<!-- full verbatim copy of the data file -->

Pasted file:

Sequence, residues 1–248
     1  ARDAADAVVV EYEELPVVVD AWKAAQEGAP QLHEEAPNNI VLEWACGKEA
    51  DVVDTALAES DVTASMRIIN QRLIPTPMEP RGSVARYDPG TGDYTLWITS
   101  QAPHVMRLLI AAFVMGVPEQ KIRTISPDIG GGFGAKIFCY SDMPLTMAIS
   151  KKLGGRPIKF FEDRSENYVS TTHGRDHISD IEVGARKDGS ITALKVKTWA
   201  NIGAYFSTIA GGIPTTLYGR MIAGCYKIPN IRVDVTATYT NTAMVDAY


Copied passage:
Sequence, residues 1–248
     1  ARDAADAVVV EYEELPVVVD AWKAAQEGAP QLHEEAPNNI VLEWACGKEA
    51  DVVDTALAES DVTASMRIIN QRLIPTPMEP RGSVARYDPG TGDYTLWITS
   101  QAPHVMRLLI AAFVMGVPEQ KIRTISPDIG GGFGAKIFCY SDMPLTMAIS
   151  KKLGGRPIKF FEDRSENYVS TTHGRDHISD IEVGARKDGS ITALKVKTWA
   201  NIGAYFSTIA GGIPTTLYGR MIAGCYKIPN IRVDVTATYT NTAMVDAY